Jerusalem — Now a regular fixture on the front pages of Israel’s Sunday newspapers, pictures of parking protests by sometimes violent Haredim seem to chronicle a simple and familiar problem: religious-secular friction. In reality, the photos tell a different, more complicated story.
In the months of June and July, there have been mass protests, turning violent at times, against the decision of Jerusalem Mayor Nir Barkat to open parking facilities just outside the Old City on the Sabbath.
While the fury of the protesters is directed against Barkat, experts say that the roots go deeper. “The reason for the tension is not really friction between the ultra-Orthodox community and Barkat, the secular mayor,” said Hebrew University political scientist Abraham Diskin, an expert on Jerusalem politics. “The reason is internal tensions within the Haredi community.”
In early June, Barkat set out to tackle a strange situation concerning Jerusalem’s Old City, the jewel in the crown of Israel’s tourist sites. Because Sunday is part of their workweek, most Israelis make their visits Saturdays. But not only does public transport come to a standstill over the Sabbath, requiring people to drive their cars, but parking lots near the Old City also shut down to please Jerusalem’s Orthodox Jews.
“It was a pain. People parked and double-parked all over,” said Mark Feldman, CEO of Ziontours Jerusalem, a large travel agency.
On the first Saturday in June, Barkat opened a municipal parking lot in Jerusalem, known as the Safra Square lot. In an overture to the religious community, non-Jews operated the lot, and parking was free. Protests called by the Eida Haredit, the Haredi umbrella organization that represents the most hard-line elements in the community, drew around 5,000 people and sometimes degenerated into violence. Representatives for the Eida Haredit were unavailable for comment.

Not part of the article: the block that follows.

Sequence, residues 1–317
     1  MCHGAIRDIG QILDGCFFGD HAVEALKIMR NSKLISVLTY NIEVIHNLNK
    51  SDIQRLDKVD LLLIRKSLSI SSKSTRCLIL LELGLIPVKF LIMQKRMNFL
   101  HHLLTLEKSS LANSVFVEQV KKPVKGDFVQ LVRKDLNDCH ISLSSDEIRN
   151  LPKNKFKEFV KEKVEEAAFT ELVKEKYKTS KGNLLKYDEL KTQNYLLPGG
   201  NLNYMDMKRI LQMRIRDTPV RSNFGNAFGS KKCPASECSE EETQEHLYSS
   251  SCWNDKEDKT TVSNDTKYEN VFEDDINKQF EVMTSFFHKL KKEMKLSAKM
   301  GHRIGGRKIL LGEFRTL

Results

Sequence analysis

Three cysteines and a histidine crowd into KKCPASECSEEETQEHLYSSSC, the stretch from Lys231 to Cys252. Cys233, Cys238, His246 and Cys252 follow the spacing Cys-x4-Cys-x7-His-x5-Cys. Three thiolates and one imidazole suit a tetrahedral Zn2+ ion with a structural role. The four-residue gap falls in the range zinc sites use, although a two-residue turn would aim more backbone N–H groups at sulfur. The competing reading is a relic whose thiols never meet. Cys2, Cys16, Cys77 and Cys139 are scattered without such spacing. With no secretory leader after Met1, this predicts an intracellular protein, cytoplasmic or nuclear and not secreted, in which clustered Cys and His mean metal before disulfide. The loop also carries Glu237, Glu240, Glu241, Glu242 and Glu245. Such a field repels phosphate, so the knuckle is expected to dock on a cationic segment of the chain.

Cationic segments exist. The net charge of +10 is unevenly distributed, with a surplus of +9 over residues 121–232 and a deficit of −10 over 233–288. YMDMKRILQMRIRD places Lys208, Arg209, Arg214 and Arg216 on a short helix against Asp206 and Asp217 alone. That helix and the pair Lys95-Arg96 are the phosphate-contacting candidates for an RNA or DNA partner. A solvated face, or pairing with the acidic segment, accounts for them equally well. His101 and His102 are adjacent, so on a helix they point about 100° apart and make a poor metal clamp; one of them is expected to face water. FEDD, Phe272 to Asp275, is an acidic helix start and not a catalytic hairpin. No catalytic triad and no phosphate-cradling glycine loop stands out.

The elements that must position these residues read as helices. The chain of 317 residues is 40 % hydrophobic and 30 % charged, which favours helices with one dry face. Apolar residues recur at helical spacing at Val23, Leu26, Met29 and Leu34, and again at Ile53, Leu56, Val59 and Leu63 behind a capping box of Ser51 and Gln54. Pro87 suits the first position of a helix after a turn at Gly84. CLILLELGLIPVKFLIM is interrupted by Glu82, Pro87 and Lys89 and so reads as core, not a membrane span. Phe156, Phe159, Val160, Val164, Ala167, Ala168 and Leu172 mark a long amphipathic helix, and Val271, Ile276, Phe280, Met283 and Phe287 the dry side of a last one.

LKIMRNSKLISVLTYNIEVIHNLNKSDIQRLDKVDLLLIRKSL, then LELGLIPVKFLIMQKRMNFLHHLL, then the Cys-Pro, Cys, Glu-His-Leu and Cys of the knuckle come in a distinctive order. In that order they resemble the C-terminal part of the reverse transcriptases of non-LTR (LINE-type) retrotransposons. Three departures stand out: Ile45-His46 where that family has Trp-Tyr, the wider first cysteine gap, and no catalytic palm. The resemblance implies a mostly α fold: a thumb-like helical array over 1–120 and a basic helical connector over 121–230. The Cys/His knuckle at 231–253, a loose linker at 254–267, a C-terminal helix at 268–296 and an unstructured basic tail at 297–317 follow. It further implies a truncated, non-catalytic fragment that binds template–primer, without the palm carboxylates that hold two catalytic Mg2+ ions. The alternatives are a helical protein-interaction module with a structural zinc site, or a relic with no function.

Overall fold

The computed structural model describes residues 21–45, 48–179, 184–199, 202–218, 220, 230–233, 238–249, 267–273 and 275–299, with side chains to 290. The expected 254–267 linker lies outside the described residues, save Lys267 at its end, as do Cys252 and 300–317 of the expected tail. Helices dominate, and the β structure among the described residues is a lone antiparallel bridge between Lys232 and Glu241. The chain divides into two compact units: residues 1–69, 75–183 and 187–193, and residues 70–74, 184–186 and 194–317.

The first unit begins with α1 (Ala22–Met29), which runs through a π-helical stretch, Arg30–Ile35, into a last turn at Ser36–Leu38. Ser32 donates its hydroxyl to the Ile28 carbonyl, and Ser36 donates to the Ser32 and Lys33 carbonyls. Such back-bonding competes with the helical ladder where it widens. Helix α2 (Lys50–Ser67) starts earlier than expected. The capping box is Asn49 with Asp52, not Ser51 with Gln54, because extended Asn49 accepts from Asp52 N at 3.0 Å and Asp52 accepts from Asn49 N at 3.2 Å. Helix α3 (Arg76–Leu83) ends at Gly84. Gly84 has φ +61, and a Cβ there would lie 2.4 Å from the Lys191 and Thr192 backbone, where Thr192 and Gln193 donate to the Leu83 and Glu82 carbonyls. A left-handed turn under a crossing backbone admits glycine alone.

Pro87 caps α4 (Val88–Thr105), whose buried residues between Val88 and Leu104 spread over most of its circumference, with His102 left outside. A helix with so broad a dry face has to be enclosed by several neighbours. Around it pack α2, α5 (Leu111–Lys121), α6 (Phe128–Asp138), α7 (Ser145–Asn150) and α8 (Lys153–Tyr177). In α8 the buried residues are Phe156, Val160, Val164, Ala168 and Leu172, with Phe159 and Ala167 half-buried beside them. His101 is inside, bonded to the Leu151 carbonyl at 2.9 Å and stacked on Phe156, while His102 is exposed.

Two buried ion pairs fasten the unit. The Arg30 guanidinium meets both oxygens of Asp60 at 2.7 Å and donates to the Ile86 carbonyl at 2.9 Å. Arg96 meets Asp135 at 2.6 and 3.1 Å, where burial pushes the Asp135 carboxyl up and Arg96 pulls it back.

Then Barkat’s office said it was trying to find a way of providing parking without arousing the ire of Haredim, and kept the lot closed on the following two Saturdays. “This was not a capitulation to violence,” Barkat said when announcing the closure.
At the end of June, Barkat announced a new plan: Instead of opening the Safra Square lot, he would open almost 1,000 parking spots at the privately owned Carta lot just outside the Old City.
Barkat hoped this solution would end tensions with Haredim. But it did not.
The opposition from the members of the municipal council who are Haredi and represent just under a third of the mayor’s coalition was subdued, mainly limited to letters to and meetings with Barkat. The only exception was Shas member Shmuel Yitzhaki, who resigned. Most Haredi council members are political pragmatists who did not want to take up the issue at all, and who called for parking to be halted only after the Eida Haredit forced the issue.
But the Eida Haredit called for demonstrations on the streets of Jerusalem for June 27, which was the first Saturday that the Carta lot opened, and on the two Saturdays thereafter.
Police estimated attendance at about 5,000 each week, and there was some stone throwing at police, passing motorists and counter-demonstrators.